In this video we see 6 example of writing null and alternative hypothesis including equal to, less than, greater than, is at least, is no more than, and more than half.
This video demonstrates how to determine the null and alternative hypothesis, id & dd, 1 or 2 tailed test.
Views: 128 Moore Statistics
Views: 32500 Kathy Arcangeli
Views: 1183 Kathy Arcangeli
How to state the null hypothesis and the alternative hypothesis, and how to tell the type of test
Views: 1799 Nickie Christensen
Views: 27930 365 Data Science
Views: 65513 MrNystrom
Demonstrates the basics of hypothesis testing using the P-value method: find the test statistic which in turn gives us the P-value, then compare the P-value to the level of significance (alpha) to determine whether or not the Null Hypothesis is rejected or not. PLEASE READ!! I did not make a mistake by showing .0045 as the area (probability) for 2.61. Look carefully at my picture. I have shaded to the **RIGHT** of 2.61, not to the left. If you look up 2.61 on your table and see .9955 your table is assuming you want the area shaded to the LEFT of 2.61. Again, I shaded to the RIGHT of 2.61. I hope that makes sense!
Views: 1048805 poysermath
Views: 2129088 Khan Academy
Get this complete course at http://www.MathTutorDVD.com In this lesson, we will discuss the very important topic of p-values in statistics. The p-value is a calculation that we make during hypothesis testing to determine if we reject the null hypothesis or fail to reject it. The p-value is calculated by first finding the z test statistic. Once this is known we then need to find the probability of our population having a value more extreme than the test statistic. This is done by looking up the probability in a normal distribution table. We then interpret the results by comparing the p-value to the level of significance. -----------------
Views: 496107 mathtutordvd
Views: 110009 ProfLMurray
Get the full course at: http://www.MathTutorDVD.com The student will learn the big picture of what a hypothesis test is in statistics. We will discuss terms such as the null hypothesis, the alternate hypothesis, statistical significance of a hypothesis test, and more. In this step-by-step statistics tutorial, the student will learn how to perform hypothesis testing in statistics by working examples and solved problems.
Views: 1319454 mathtutordvd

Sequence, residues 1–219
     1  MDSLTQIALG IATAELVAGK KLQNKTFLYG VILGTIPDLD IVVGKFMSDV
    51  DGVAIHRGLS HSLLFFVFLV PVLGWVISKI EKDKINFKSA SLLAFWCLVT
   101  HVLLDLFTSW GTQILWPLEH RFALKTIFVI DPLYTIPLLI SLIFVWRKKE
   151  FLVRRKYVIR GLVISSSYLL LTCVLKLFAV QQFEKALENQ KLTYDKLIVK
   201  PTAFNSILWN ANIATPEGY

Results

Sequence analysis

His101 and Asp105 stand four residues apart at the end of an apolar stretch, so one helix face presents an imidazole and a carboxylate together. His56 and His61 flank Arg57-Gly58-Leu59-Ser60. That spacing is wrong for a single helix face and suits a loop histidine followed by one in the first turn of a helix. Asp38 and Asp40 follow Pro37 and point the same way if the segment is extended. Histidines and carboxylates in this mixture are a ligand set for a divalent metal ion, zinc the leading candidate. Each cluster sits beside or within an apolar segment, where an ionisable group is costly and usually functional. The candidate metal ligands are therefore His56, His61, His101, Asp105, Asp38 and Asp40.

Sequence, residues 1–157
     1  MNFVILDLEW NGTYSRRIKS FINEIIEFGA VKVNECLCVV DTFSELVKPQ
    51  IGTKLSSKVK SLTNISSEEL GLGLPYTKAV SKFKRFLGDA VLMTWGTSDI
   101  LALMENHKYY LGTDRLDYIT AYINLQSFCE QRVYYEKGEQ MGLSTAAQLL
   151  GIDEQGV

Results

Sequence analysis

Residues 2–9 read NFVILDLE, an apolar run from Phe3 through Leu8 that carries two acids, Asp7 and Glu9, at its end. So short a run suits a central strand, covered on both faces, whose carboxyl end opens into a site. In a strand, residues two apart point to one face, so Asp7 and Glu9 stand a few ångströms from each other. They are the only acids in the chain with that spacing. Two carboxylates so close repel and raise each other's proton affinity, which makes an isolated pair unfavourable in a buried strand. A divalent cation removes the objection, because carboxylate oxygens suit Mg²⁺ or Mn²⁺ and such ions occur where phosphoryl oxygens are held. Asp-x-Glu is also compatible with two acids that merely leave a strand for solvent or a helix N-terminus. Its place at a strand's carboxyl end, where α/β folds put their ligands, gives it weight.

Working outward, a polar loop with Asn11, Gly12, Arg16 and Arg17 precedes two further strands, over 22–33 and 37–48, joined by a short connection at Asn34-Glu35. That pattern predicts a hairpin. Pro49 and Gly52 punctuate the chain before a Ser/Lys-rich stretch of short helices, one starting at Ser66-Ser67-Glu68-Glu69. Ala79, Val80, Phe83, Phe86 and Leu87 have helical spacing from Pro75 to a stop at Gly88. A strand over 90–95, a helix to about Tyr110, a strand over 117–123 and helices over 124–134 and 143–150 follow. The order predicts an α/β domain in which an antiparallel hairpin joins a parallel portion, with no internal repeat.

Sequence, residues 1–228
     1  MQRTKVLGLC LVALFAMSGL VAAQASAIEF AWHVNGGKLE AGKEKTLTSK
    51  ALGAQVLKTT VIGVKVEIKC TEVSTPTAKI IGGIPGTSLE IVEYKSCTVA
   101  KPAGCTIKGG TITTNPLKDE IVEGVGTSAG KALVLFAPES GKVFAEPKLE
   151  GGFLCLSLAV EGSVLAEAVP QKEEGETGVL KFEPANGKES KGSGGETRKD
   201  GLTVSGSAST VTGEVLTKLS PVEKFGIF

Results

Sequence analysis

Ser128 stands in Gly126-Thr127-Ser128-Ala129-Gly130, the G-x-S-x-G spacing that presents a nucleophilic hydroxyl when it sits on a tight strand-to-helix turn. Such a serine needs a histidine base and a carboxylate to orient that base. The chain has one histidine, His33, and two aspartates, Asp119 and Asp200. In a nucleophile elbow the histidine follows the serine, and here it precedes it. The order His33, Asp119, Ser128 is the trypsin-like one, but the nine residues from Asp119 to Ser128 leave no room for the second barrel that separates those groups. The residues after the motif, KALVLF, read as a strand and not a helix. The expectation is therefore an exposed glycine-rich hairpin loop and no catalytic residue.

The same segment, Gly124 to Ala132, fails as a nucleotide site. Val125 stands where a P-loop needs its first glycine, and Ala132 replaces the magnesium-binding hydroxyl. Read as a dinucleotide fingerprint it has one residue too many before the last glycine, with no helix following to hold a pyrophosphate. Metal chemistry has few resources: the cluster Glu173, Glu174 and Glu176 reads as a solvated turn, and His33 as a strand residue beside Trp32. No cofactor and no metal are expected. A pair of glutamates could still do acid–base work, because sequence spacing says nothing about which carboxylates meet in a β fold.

4 Keys to Understanding the Alternative Hypothesis and a technique for determining whether a 1-tailed (1-sided) test is left-tailed or right-tailed.
Visit http://www.statisticshowto.com for more information on the null hypothesis.
Views: 179537 Stephanie Glen
One tailed z-test example.
Views: 232535 Stephanie Glen
SKIP AHEAD: 0:39 – Null Hypothesis Definition 1:42 – Alternative Hypothesis Definition 3:12 – Type 1 Error (Type I Error) 4:16 – Type 2 Error (Type II Error) 4:43 – Power and beta 6:33 – p-Value 8:39 – Alpha and statistical significance 14:15 – Statistical hypothesis testing (t-test, ANOVA & Chi Squared) For the text of this video click here http://www.stomponstep1.com/p-value-null-hypothesis-type-1-error-statistical-significance/ For my video on Confidence Intervals click here http://www.stomponstep1.com/confidence-interval-interpretation-95-confidence-interval-90-99/
Views: 425275 Stomp On Step 1
Hypothesis Testing
Views: 47469 kingbb13
To use data and statistics properly, it's important to understand hypotheses. In particular, it's important to understand the difference between null and research hypotheses. Knowing more about hypotheses as I describe here will help you better understand the concept of null hypothesis significance testing, or the overall topic of statistical significance.
Views: 28221 Ben Baran
How is Null hypothesis different from Alternative Hypothesis? An explanation with a simple example " Effect of fertilizer 'x' on plant growth" (Less than 5 min video) This video include -What is hypothesis? -Definition of Null hypothesis and Alternative Hypothesis. -Summary of Scientific method -Difference between independent and dependant variable in an experiment. For notes: http://www.majordifferences.com/2016/10/5-differences-between-null-and.html
Views: 69414 biologyexams4u
Views: 25370 jerry wright
There are two types of hypotheses we need for hypothesis testing: the one we test (the null hypothesis) and the one that use instead if we reject the null hypothesis (the alternative hypothesis). The null hypothesis (H0) states there is no difference between the experimental (sample) mean and the control (population) mean; therefore, any differences between the experimental mean and the control (population) mean are due to chance. The null hypothesis is also a falsifiable hypothesis. Table of Contents: 00:24 - Null Hypothesis 01:36 - Alternative Hypothesis
Views: 7654 Research By Design
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This video provides a examples of null and alternative hypotheses in hypothesis testing. Learn how to correctly state the null and alternative hypothesis in statistics.